Ledosian ship

The next appearance of the CG model is in VOY: "Natural Law", here barely recognizable as it almost seems to be a part of the Ledosian space station (we can spot it in the center of the left screen shot). Some kind of brownish "scaffolding" was added to the ship, and its overall color was switched to rusty brown through what looks like a completely new skin. The vertical fin, which looked very clumsy on the CGI version so far, was shortened, but there are now two of them. The warp engines were scaled down, and the semi-circular portion of the "wings" was removed. On the Ledosian ship the engine glow inside the warp nacelle is yellowish, just as the very aft end of the nacelle, as we can see when the Delta Flyer passes by the ventral side of the ship. It does not seem to have changed since the appearance in "Drive".

Xantoras visitor ship

We can see the CG model one last time at Xantoras in ENT: "The Breach", as one of three visitor ships that has to leave the planet, the other two being another re-use of Qatai's vessel (left) and the ubiquitous hammerhead" freighter" (right). The originally Karemman model (top) was apparently not modified in any fashion for this appearance, it is the same that already appeared in DS9: "Shadows and Symbols" and "VOY: "Drive".

Design sketches

John Eaves sketched up the Karemma ship for the modelers, as depicted in the magazine for the Karemma model of the Eaglemoss Official Star Trek Starships Collection. We can see that his original design already includes the forked bow. There are several slight differences to the final model, such as the shape of the nacelles, which turned out more angular than on the sketch.

Model photos

The available photos of the studio miniature clearly show that the Karemma vessel did have a forked bow, which was not incorporated into the later CG model for ships of other species. The newer CG model, on the other hand, includes a vertical fin pointing downward on the bow that was not on the physical model. Furthermore, the proportions of the two models are different. Most obviously, the nacelles of the CG model are relatively larger and further forward and the main hull is elongated.

CG model

As already mentioned, in publications the later CG model is routinely passed as being the same design as the miniature. The Star Trek: The Magazine as well as the Star Trek Fact Files include oblique views of the Bajoran version labeled as "Karemma ship". Even the Official Starships Collection ignores the differences and does not get the look of the Karemma ship right.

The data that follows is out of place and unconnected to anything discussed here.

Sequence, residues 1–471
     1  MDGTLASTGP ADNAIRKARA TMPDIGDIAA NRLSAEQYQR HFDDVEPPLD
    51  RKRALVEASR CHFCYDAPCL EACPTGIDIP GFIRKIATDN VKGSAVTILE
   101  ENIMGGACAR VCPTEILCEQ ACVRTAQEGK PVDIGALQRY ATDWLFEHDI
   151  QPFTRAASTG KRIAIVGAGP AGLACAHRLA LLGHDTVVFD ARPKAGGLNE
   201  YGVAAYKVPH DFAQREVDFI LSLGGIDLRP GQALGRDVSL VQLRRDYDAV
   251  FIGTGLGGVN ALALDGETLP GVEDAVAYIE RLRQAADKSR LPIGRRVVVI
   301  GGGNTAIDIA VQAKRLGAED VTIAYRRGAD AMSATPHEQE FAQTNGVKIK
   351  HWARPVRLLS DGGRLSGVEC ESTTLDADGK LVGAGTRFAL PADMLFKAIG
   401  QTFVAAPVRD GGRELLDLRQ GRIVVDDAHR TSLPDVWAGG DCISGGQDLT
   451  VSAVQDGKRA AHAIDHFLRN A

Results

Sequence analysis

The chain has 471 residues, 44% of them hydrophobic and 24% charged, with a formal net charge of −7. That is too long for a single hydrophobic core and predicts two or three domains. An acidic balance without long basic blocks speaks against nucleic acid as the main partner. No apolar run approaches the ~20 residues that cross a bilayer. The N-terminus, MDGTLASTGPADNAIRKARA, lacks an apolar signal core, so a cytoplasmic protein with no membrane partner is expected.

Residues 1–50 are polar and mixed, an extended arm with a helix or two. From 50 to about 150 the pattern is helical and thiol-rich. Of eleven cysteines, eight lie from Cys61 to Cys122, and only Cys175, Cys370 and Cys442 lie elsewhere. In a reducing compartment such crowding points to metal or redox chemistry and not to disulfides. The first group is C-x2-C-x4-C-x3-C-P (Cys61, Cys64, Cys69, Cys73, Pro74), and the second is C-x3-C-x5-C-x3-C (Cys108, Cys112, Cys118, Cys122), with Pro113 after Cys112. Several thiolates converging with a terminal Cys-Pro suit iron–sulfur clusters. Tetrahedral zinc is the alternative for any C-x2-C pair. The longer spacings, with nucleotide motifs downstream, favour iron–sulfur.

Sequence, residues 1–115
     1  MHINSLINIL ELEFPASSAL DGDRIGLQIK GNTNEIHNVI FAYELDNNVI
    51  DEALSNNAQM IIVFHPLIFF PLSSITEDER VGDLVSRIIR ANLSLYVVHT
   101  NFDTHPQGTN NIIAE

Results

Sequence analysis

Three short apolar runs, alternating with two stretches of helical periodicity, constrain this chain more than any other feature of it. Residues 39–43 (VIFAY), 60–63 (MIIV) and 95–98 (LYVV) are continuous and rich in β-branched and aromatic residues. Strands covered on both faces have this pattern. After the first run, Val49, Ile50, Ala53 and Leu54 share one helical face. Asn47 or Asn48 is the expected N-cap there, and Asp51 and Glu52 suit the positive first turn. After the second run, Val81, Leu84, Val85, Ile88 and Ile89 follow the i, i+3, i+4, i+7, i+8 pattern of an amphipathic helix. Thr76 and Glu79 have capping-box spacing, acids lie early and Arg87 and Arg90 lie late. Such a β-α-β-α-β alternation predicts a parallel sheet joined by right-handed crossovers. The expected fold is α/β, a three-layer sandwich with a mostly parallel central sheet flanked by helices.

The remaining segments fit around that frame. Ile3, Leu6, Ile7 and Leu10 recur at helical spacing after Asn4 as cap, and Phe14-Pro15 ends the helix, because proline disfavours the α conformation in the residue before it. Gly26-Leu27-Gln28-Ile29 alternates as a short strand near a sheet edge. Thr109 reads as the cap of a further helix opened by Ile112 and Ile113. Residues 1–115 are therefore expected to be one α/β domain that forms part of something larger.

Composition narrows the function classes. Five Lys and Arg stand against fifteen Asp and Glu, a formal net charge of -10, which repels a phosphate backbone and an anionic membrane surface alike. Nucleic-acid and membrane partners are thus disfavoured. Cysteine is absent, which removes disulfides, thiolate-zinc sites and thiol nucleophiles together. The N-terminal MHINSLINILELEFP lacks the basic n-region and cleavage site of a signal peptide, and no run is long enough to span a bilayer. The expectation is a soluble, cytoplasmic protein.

Orthographic drawings

Unlike the CG renderings, the orthographic views of the Karemma vessel from the Star Trek Encyclopedia II, from Star Trek: The Magazine and from the Star Trek Fact Files attempt to reproduce the model in its original configuration. But they differ in many details. Overall, only the Fact Files drawing shows the structure of the vessel correctly, including the nine cargo compartments in the middle of the ship, the shape of the bow section with its forked tip, the pod on the aft underside, and small details such as the color areas on the front tip and on the "rollbar" at the aft end. The side view in Star Trek: The Magazine looks mostly correct, but there is no forked bow in the corresponding top view.

Lower Decks

The Karemma ship in LOW: "Hear All, Trust Nothing" is a bit like a hybrid between the CG knock-off and the actual Karemma design seen in DS9: "Starship Down". The overall proportions, the engine placement and the blue engine color resemble the latter, whereas the brown color and the three wings instead of the forked bow, as well as engine details, are almost exactly as on the former. The wider "rollbar" with two small wings, on the other hand, and the apparent cockpit window are like on none of the previous two design variations. It is possible that whoever drew the ship had the inaccurate Eaglemoss model as a reference but was aware of the look of the authentic Karemma ship as well.



This table summarizes all the variants and appearances of the ship model:

Ship type Episode Type Re-use Modification Engine color

Karemma ship
DS9: "Starship Down" Physical - Original configuration Blue
CGI - More illumination than on physical model

Bajoran impulse ship
DS9: "Shadows and Symbols" CGI - New CGI with different proportions, "wings", nacelles moved forward Uncertain

Antarian ship
VOY: "Drive" CGI Yes, from "Shadows and Symbols" Almost uniformly brownish gray hull Yellow stripes

Ledosian ship
VOY: "Natural Law" CGI
- Scaffold superstructure, weathered hull, smaller nacelles Yellow stripes

Xantoras visitor ship
ENT: "The Breach" CGI Yes, from "Shadows and Symbols" None Uncertain

Karemma ship
LOW: "Hear All, Trust Nothing" Animated - None Blue


See Also

Analysis of the Antarian Transstellar Rally - identification of all involved ships and commentary

Gamma Quadrant Ships

Bajoran Ship Classes

Delta Quadrant Ships A-E

Delta Quadrant Ships L-R



Thanks to Doug Drexler for the picture of the Ledosian variant.